US refuses to disclose details on cluster munitions sent to Ukraine
Even if Washington provided answers to these questions, the transfer of cluster munitions to Ukraine would still be "unacceptable," a HRW official said.
Human Rights Watch (HRW) arms advocacy director Mary Wareham told RIA Novosti on Wednesday that the US has not yet disclosed the types of cluster munitions it has sent to Ukraine or the conditions under which they were transferred.
"We still do not have complete information about the exact types of cluster munitions that the US is transferring. That matters, because from that you can tell what the dud rate is, how many are likely to fail," the HRW arms advocacy director said.
"We don't know the quantity that has been transferred, the period of time in which they were being transferred, when will the transfers end, or how are they transferred to Ukraine. Were they taken from military bases on the soil of a European country or did they go through the airspace over the territory of a country that has joined the treaty?" Wareham said, referring to the 1997 convention banning anti-personnel mines.
The official added that even if Washington provided answers to these questions, the transfer of cluster munitions to Ukraine would still be "unacceptable" because it puts civilian lives at risk.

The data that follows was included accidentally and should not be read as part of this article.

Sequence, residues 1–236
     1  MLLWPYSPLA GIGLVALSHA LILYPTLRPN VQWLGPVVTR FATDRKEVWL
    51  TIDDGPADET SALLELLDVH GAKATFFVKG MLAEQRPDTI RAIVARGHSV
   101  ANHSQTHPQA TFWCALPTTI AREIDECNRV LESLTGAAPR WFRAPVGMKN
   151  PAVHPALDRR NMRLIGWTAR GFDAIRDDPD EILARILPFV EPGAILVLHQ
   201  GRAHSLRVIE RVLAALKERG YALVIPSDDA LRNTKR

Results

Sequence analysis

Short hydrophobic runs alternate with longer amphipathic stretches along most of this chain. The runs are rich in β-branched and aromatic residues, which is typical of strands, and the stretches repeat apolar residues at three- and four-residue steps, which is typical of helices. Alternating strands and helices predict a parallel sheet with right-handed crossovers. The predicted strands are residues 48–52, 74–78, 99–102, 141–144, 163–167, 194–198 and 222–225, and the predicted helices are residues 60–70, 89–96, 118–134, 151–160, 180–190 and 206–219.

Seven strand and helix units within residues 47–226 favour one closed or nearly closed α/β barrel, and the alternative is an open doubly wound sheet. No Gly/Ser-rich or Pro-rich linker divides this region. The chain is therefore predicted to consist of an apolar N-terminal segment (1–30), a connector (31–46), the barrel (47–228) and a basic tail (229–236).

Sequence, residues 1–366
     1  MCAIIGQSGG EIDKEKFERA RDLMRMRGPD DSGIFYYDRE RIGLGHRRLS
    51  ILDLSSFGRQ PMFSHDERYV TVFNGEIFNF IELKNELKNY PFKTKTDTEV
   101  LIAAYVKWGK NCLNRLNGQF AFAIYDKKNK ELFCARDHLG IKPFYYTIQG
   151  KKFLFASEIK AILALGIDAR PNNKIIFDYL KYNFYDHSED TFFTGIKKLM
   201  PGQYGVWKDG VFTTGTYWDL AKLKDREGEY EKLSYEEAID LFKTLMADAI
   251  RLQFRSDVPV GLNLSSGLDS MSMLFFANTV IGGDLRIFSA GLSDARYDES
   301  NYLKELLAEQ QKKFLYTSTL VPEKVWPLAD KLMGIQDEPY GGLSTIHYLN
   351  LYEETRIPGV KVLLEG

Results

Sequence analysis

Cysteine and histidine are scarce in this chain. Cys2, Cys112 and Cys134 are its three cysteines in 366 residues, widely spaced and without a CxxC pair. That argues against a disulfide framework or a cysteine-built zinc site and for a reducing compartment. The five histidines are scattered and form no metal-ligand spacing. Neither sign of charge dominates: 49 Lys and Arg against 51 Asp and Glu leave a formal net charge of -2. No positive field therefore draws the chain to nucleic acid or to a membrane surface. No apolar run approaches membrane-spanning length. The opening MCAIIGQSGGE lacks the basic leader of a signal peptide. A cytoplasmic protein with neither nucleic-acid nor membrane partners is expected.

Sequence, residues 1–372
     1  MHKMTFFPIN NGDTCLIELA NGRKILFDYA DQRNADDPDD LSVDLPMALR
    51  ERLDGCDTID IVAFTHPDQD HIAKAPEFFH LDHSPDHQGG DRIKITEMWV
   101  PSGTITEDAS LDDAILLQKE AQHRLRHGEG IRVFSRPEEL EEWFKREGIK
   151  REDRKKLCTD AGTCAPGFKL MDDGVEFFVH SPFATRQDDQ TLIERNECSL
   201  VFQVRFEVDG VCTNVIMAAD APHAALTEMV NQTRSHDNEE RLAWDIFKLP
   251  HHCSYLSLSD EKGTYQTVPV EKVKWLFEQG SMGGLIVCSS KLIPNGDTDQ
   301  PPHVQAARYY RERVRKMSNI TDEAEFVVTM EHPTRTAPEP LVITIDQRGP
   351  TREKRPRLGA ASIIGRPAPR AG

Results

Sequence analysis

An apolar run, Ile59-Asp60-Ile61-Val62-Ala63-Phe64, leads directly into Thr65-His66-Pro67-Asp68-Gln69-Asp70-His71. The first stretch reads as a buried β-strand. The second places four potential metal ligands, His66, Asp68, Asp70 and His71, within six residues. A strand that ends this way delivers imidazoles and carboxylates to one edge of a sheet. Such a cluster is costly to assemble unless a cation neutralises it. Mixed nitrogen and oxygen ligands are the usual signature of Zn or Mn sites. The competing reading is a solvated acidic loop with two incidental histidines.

"The vast majority of victims of cluster munitions are civilians and, unfortunately, children account for 70% of the victims from the remnants of cluster munitions. Not so much from the attacks, that's harder for us to document ... We completely opposed the transfer of cluster munitions to Ukraine," Wareham said.
In July, the Biden administration's first military assistance package for Ukraine included cluster munitions, a controversial weapon that has been criticized by human rights activists and opposed by some US lawmakers.
Cluster munitions are indiscriminate weapons that do not have self-destruct devices. This means that up to 14% of the submunitions in a cluster munition can fail to explode on impact, posing a threat to civilians for years after the conflict has ended.
Ukraine became a party to the Ottawa Convention on Cluster Munitions in 2005, which prohibits the use, production, transfer, stockpiling, and even development of these indiscriminate weapons.